Google Calendar cancels appointment slots: implications for scheduling office hours

Google Calendar Here at ProfHacker we love us some online scheduling of office hours, with posts going back to 2009 on the topic. Over the years we have covered tools like Tungle, Acuity, Jiffle, Doodle, and perhaps the most-widely used, Google Calendar Appointments. But Friday, a little seemingly innocuous “winter cleaning” post came out from Google, with information on tools they are phasing out. When the post came through my RSS reader I dutifully checked in to see if any of my favorites were on the list, although usually they aren’t. But there was the big one:

On January 4, 2013, we’ll be shutting down several less popular Google Calendar features. You’ll be unable to create new reservable times on your Calendar through Appointment slots, but existing Appointment slots will continue working for one year.

I will admit, an audible gasp escaped my lips. I, and several other faculty I know, on my campus and elsewhere, depend upon Google Calendar Appointment slots, especially after the demise of Tungle. Yes, there are a few other options scattered around, but it is hard to find a scheduling option that (1) integrates easily with a currently used calendaring program, like Google Calendar and (2) lets you set ranges of time from which appointments can be chosen, instead of showing as available every slot for which you don’t have something currently scheduled (ahem, Doodle). So what’s a faculty member to do? Time is short: Google Calendar Appointments will stop taking new appointments on January 4. That’s really soon. Here are a few options.

1. Stop taking online appointments for office hours. Moving on…

2. Try something simpler. My Wheaton colleague Alan Jacobs sets up a basic Google Document with a table of open slots (in his choice of ten minute increments, but you could choose something else) for a two week period, and then shares the document with his students, who can sign themselves up for a slot.

3. Look for an alternative. As I mentioned above, Doodle has an option, called MeetMe, that allows you to set up a page that shows your availability, and from which others can request appointments. But despite my best efforts to convince a Doodle staffer over email about how important this is to faculty, you just simply cannot set limited availability: anything that is not currently booked in your Google Calendar shows up. But here are some alternatives. Google’s horrible timing of this announcement leaves me unable to test out the sites in real in-semester conditions, but perhaps this list will get you started. All of them have Google Calendar integration, dedicated sign up pages for students to choose office hours slots, cancellation links in emails sent to appointment requesters, and the ability to set specific hours of availability by day of the week.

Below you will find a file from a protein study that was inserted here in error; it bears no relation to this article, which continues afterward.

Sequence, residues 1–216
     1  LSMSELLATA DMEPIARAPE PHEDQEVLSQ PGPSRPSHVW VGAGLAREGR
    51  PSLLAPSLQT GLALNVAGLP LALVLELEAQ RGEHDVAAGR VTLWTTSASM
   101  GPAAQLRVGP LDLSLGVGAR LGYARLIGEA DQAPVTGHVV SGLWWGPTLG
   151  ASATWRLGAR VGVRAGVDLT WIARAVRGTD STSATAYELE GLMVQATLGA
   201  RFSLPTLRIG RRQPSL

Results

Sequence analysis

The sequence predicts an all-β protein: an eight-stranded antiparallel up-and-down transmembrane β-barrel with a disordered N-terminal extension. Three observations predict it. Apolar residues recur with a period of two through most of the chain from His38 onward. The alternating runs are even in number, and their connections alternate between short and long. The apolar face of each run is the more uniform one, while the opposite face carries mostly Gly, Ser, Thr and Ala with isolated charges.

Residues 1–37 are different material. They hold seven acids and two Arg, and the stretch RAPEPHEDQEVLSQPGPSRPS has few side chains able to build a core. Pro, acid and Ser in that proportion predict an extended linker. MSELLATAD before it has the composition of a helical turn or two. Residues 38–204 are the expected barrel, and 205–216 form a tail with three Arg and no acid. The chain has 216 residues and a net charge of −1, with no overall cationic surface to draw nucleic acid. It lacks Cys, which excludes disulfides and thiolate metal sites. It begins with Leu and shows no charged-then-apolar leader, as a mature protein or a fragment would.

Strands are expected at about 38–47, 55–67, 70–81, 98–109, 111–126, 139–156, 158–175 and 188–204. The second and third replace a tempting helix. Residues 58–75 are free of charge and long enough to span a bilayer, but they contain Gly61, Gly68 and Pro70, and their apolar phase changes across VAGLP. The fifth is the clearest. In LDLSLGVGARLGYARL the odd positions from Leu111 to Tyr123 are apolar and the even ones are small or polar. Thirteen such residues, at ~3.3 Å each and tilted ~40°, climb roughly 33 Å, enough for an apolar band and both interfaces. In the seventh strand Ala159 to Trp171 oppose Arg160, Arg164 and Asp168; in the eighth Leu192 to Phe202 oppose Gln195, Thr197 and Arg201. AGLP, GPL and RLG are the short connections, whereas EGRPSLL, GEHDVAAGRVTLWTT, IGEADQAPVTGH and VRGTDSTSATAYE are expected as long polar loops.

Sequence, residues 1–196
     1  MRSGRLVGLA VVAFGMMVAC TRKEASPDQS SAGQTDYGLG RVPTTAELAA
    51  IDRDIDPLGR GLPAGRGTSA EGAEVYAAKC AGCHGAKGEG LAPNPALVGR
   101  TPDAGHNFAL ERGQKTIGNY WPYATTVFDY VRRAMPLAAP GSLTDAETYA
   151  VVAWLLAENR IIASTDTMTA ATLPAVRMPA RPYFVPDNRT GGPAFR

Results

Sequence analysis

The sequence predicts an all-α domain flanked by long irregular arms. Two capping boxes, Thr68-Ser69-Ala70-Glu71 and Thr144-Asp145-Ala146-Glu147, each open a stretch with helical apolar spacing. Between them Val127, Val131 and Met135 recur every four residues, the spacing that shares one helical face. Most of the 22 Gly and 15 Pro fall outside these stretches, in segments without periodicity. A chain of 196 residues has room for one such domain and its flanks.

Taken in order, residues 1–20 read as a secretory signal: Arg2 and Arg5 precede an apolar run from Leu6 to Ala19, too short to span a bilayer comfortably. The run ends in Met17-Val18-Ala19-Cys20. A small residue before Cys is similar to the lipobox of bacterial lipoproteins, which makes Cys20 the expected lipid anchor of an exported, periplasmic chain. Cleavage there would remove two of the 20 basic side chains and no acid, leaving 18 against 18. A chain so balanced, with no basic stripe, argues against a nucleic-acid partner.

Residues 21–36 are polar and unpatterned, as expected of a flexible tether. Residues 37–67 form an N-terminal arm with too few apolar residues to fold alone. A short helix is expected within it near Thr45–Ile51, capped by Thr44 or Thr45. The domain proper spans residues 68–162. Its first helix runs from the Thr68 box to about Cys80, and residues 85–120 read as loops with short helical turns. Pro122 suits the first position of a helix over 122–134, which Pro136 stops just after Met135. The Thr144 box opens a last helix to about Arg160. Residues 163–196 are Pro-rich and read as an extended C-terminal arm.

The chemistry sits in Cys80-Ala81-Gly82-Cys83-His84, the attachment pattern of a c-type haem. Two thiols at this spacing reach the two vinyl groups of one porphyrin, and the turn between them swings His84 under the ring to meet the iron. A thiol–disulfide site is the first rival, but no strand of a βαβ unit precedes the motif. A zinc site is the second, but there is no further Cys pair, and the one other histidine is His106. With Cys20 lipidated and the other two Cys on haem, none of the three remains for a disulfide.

•  For $10/month, you can add on some additional useful features such as the ability to create reports or to send reminder emails/texts. But I imagine that most ProfHacker readers will get by just fine with the basics. And if you have a Tungle account, you can get six months of premium use of for free. Potential downsides are the look of the sign-up page (if you’re obsessed with aesthetics, as I am) and lack of clear information on setting up one-time ranges of availability, which I find useful during a crunch time when students need to meet with me more than usual. (HT to my Wheaton colleague Tiffany Kriner for introducing me to this one.)
  • has a wide range of pricing options, and it’s unfortunate that I cannot figure out how to try the most basic level from the beginning (you start out at the Professional Level for 14 days.) Educational pricing is available, around 20-25% starting at the Premium level, and in January 2013 they will have a special promotion that increases this discount. (HT to my physics Twitter colleague Jenny Hampton for the tip on this one.)
  • If you have tried out more than one scheduling site, you will know the drill: has similar features to all the ones mentioned above. It is heavily targeted towards users such as stylists, counselors, massage therapists, etc.: all people who are scheduling fee-based meetings. For this reason, that language is pervasive through the set-up process, which could lead to some confusion (or at least more thinking about the process than you want to do.) There is also a bit of weirdness about setting up your hours: the site advises you that if you want your availability period to end at time x, and you want your appointments to last for a time y, then you set the end of your availability period to be x-y. It makes sense once you set it up, but feels a little strange.

I’ll be using in the near future, and will report back in the spring semester on how it has gone. What implications does Google’s announcement have on your appointment scheduling workflow? Any other tools that are helping you? Let us know in the comments. 

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